Runyan honored for visionary leadership

By Staff

Colorado School of Public Health Professor of Epidemiology Carol Runyan, MPH, Ph.D. recently was named one of the 20 leaders and visionaries who have had a transformative effect on the field of violence and injury prevention over the twenty year history of CDC’s National Center for Injury Prevention and Control (NCIPC). These individuals will be recognized at the American Public Health Association meetings in San Francisco in October.

As part of the NCIPC’s 20th Anniversary celebration, they launched the 20 for 20 Project earlier this year, with leaders nominated and selected by peers.

“I am deeply honored to be a part of this auspicious list that contains, among others, my mentor, Susan Baker,” said Runyan of the tribute. “It is amazing how fast the last twenty years have gone and how far the field has progressed. This is a list of people with steadfast dedication to an issue that remains often overlooked, despite the burden of injuries and violence on population health.”

Runyan joined the Colorado School of Public Health in 2011 after a distinguished career on the faculty of the University of North Carolina Gillings School of Global Public Health. While there Runyan directed the UNC Injury Prevention Research Center, and has for years been a national leader and advocate in addressing injury and violence prevention through applied research and workforce development.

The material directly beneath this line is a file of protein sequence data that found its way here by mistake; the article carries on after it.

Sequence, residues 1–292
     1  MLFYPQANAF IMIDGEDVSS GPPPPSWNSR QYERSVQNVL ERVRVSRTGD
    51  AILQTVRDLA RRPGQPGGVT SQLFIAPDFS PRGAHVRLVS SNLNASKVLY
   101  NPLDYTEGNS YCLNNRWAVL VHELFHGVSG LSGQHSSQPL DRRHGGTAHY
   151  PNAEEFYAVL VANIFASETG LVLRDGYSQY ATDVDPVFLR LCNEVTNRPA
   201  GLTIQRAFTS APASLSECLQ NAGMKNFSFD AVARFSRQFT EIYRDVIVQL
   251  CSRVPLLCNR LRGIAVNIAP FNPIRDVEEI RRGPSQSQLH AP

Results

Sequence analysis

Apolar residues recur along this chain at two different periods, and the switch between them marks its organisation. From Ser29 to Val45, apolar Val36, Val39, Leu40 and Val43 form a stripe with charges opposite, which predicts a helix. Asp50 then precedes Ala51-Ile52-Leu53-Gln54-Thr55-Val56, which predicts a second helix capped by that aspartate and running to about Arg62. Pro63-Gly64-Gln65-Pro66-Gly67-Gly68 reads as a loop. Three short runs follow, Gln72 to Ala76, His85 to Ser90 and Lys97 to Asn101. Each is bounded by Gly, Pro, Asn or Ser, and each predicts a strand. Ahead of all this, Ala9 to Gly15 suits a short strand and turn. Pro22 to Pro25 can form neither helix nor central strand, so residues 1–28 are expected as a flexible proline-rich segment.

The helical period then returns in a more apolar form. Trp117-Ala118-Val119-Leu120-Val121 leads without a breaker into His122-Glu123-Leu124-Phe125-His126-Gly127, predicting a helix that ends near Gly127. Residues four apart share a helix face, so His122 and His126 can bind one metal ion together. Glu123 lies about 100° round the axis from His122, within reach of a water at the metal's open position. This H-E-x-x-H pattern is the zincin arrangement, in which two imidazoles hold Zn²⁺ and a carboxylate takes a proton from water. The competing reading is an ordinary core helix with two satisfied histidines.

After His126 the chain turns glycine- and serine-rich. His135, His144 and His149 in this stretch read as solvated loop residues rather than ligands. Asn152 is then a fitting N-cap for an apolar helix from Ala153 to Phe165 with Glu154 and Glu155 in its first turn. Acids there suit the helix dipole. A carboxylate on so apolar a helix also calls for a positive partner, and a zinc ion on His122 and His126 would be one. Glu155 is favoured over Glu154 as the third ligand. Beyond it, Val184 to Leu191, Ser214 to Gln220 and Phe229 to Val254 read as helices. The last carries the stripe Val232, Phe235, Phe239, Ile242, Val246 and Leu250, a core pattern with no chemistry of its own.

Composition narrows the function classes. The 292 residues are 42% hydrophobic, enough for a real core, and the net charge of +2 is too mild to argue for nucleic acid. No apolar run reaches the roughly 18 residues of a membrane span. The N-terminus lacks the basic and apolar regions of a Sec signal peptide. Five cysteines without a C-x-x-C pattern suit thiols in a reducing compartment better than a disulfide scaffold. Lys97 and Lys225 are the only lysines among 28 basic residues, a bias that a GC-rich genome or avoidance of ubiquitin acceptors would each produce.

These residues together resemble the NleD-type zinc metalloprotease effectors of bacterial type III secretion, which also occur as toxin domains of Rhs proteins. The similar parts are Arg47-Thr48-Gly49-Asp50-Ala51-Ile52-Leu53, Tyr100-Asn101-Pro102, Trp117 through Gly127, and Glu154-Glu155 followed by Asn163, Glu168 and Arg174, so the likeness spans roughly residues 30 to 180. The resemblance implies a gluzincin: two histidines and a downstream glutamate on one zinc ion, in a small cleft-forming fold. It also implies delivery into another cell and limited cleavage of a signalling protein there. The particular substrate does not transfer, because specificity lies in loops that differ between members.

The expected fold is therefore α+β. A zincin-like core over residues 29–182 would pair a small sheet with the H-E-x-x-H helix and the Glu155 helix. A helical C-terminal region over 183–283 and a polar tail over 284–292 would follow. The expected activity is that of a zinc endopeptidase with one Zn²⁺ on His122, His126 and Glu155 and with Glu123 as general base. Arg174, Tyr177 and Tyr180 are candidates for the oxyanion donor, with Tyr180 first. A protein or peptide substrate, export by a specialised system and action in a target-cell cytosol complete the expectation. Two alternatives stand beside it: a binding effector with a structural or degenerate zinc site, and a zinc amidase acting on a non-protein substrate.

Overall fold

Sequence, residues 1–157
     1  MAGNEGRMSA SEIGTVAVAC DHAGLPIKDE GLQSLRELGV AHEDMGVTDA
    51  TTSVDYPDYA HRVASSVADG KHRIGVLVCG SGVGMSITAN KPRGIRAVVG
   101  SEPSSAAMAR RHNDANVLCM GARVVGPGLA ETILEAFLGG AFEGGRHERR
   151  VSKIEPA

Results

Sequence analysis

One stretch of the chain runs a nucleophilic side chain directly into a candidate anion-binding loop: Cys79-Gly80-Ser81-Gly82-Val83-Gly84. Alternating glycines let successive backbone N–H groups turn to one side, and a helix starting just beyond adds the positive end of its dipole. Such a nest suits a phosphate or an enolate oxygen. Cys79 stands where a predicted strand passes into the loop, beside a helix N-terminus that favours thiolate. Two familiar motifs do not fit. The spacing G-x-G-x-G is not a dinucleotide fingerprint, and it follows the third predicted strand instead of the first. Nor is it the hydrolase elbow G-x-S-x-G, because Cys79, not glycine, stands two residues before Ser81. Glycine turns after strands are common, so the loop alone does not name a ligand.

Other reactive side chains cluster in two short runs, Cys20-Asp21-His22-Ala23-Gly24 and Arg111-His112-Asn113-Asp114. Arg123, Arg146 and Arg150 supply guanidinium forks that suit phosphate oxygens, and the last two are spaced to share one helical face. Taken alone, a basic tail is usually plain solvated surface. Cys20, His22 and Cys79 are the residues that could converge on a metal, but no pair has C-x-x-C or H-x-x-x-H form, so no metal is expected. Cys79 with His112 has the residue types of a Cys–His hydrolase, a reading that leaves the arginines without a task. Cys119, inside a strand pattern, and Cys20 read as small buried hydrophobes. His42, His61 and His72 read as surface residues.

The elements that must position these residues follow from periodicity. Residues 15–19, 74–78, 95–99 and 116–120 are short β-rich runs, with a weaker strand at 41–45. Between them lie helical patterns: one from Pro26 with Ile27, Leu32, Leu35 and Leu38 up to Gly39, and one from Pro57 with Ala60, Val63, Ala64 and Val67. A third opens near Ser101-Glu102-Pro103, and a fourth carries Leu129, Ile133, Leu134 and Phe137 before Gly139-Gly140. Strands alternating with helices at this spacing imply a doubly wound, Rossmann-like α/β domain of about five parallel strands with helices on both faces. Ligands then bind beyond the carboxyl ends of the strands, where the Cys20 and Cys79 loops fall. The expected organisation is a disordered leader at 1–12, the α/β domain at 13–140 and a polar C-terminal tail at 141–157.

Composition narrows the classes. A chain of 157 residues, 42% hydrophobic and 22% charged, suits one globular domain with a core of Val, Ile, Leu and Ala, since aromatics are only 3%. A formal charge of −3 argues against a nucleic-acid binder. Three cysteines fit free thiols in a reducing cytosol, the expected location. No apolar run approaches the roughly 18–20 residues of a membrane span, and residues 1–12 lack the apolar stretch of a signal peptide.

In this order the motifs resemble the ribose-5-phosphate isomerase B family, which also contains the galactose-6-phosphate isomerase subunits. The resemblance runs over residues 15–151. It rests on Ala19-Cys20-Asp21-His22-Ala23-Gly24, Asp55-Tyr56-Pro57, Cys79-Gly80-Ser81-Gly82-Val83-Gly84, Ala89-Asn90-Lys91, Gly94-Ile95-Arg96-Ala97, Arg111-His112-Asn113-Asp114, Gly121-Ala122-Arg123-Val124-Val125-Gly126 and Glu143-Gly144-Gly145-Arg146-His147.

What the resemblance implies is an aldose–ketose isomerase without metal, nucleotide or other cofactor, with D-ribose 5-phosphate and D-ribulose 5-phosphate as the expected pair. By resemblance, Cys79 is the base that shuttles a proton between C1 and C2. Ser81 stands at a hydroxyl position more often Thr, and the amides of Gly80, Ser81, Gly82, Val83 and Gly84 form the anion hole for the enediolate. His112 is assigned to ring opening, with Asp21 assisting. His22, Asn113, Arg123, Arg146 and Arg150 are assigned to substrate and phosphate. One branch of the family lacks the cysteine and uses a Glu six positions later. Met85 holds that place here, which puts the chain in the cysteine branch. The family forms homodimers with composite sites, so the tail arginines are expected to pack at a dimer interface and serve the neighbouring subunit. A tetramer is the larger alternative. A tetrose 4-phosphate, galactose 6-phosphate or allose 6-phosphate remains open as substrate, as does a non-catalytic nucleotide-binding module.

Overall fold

Currently Runyan directs Colorado’s Pediatric Injury Prevention, Education and Research (PIPER) program, a collaborative initiative of the Colorado School of Public Health, the University of Colorado School of Medicine, and Children’s Hospital Colorado. PIPER links research, training, policy, and practice to prevent injury in Colorado, nationally and around the world.  To learn more about PIPER research and resources, visit the project’s new website

“Injury and violence (including both interpersonal violence and suicide) are leading health concerns for children and youth. As leader of PIPER, I see my role as a matchmaker and catalyst; helping to harness and integrate the excellent work already underway in Colorado, extending knowledge and its application.” As Runyan points out that part of her mission is to recruit more scientists and practitioners to the field, stating that in addition to bringing together those already working in the field she aims to identify others  “who haven’t yet realized they are really interested in injury.”

Runyan’s efforts and those of the other 20 for 20 leaders will be promoted throughout the remainder of the Injury Center’s 20th Anniversary year programs. To learn more, visit the Centers for Disease Control and Prevention Injury Center,